Prayer:

Yes, God we are indeed amazed by your grace, that you could love us just as we are. Thank you that Jesus, the sinless one, was willing to suffer the humiliation of the cross, just because he loved us so much. As we take this bread and share it with our brothers and sisters, acknowledging you have brought us all into your family, we pray that we may once again be filled with wonder and praise to you for your amazing grace towards us. Bless this bread to us, as we share it now in remembrance of Christ’s sacrificial death on that cross, Amen.

Prayer:

Thank you, Lord, for giving us this wine to remind us that your precious blood was shed on our behalf, to set us free from the bondage of sin. Thank you that the price of our redemption was paid in full, as Jesus himself opened up the way for us to be made your children. Bless us as we share this cup together, as we proclaim the Lord’s death, until he comes.

 

Ken’s Message

What’s Different about a Christian?   Exodus 33.12-17, Joshua 1.1-9

As I met people soon after coming to Crawley many would say to me “You’re not from these parts are you”?  Now why would they say that to me I wonder?  Of course, it is because I speak the Queen’s English!  My broad Bolton accent distinguishes me showing I come from Lancashire.

What’s the main distinguishing feature between a Christian and a non-Christian?  Some would say a Christian goes to church, worships God, reads the Bible and prays, whereas non-Christians don’t do those things.  Others believe a Christian tries to keep the 10 Commandments and lives a good life.  Many do that but they wouldn’t say they are Christians. 

If you were to ask Moses for the difference between a believer in God and an unbeliever, he would say a believer in God (i.e. a Christian) is a person who has God with them.  He says “How will anyone know that you are pleased with me and your people unless you go with us”. (Exodus 33.16) The thing that marks out a believer in God, or a Christian is that God is with them.  That was the difference between the Children of Israel and nations surrounding them. 

It is the same distinction of a Christian in the New Testament.  When the Jewish leaders “saw the courage of Peter and John and realised they were unschooled, ordinary men they were astonished and they took note that these men had been with Jesus.”                                                                                                                       

The Priority of God’s Presence. 

Paul writing to the Christians at Corinth says “your body is the temple of the Holy Spirit, who is in you’ whom you have received from God? (1 Corinthians 6.19) Paul also describes the condition of a non-Christian.  “And if anyone does not have the Spirit of Christ, he does not belong to Christ.” (Romans 8.9) So the distinction is clear.  The Christian is a person who has God living in them, whereas the non-Christian doesn’t have God at all.  Is it so important?  Yes, it is, as the Bible describes people before they become Christians as those “without hope and without God in the world” (Ephesians 2.12).   Man needs reconciliation with God which is only possible through the death of Christ for our sins on the cross.  This must also be accompanied by our repentance of sin and faith in Christ.  Without salvation we have no prospect of spending eternity with God in heaven.  That is why our reconciliation with God and having a right relationship with should be our priority.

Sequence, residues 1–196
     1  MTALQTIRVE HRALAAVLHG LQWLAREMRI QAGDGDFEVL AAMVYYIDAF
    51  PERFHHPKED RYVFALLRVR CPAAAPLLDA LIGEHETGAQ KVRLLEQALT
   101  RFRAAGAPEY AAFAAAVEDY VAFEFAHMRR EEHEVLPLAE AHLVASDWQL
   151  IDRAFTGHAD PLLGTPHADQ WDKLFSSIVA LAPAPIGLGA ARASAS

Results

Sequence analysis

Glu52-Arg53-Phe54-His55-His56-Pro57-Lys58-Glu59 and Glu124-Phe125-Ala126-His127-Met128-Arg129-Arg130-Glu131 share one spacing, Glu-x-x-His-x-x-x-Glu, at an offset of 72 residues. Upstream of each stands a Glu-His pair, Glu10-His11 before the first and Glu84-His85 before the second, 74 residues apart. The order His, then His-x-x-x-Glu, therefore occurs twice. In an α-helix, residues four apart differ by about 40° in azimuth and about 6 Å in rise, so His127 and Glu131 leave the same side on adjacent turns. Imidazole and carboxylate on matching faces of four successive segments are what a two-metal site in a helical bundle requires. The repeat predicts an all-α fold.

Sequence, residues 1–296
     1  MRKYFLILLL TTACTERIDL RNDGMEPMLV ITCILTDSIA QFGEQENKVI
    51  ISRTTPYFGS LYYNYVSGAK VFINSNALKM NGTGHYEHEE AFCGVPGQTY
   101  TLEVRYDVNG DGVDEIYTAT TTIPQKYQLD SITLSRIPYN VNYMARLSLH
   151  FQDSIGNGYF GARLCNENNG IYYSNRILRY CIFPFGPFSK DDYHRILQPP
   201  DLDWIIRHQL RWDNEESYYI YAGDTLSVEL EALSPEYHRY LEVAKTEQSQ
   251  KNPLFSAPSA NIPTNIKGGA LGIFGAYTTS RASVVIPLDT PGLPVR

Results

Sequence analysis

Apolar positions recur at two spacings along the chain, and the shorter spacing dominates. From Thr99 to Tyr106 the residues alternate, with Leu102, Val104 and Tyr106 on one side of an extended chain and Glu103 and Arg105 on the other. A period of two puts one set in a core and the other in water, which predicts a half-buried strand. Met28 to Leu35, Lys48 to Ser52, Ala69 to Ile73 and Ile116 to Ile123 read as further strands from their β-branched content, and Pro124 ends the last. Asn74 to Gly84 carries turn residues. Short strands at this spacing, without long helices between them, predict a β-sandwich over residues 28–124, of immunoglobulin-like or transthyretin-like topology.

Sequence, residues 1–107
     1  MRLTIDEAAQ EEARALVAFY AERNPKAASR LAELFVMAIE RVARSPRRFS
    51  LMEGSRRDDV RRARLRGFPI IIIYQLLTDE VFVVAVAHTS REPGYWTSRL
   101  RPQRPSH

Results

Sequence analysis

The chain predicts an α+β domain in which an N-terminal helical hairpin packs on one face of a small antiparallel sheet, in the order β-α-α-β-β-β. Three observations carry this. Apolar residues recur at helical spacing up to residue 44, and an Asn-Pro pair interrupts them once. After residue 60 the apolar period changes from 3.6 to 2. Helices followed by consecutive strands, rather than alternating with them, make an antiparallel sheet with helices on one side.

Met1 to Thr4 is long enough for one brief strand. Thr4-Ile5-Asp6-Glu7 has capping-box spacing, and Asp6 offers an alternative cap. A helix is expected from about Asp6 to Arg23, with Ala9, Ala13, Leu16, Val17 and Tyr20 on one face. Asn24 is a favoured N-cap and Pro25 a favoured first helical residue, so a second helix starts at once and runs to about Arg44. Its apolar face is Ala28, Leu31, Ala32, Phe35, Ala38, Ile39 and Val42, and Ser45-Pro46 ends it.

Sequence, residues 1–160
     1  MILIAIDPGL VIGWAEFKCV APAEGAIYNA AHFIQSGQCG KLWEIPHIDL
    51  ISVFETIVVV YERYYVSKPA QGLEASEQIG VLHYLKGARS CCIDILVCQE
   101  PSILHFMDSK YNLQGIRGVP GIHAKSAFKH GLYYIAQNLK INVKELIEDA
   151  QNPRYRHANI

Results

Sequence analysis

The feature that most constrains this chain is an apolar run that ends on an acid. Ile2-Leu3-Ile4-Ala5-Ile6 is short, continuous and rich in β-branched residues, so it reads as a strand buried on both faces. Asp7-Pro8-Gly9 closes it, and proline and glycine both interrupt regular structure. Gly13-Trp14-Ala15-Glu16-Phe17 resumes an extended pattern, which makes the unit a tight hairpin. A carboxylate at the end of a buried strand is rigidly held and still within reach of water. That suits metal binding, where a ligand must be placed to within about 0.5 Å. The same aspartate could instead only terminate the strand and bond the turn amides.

The Peace of God's Presence

There are many blessings that come to us from a life with God.  One of them is knowing the peace of God. Adam and Eve were created to walk in fellowship with God.  A life with God isn’t just a good idea but it is the only thing that fulfils man’s purpose and gives meaning and satisfaction in life.  Sadly, through Adam and Eve’s disobedience to God their relationship with God was broken and they became spiritually dead not knowing God.   

That is the natural condition of man.  However, through Christ’s death on the cross we can find rest for our souls.  God says “My Presence will go with you and I will give you rest”.  Moses was very discouraged and disheartened at that time.  Whilst he was up Mt. Sinai receiving the 10 Commandments the children of Israel with the help of Aaron committed idolatry by building a golden calf.  God was ready to destroy the nation and begin another one centred through Moses.  However, through Moses’s intercession God changed his mind and punished those who were guilty but sparing Aaron.  Amazing that with such a failure God still chose him to be the high priest. 

How many times has God forgiven our sin, picked us up and used us again in his service?  Moses couldn’t find peace in God’s service, his people or his circumstances.  However, God was able to give him his peace that brought rest despite all the sadness and failure around him.  I remember the circumstances how the hymn “When peace like a river” was written.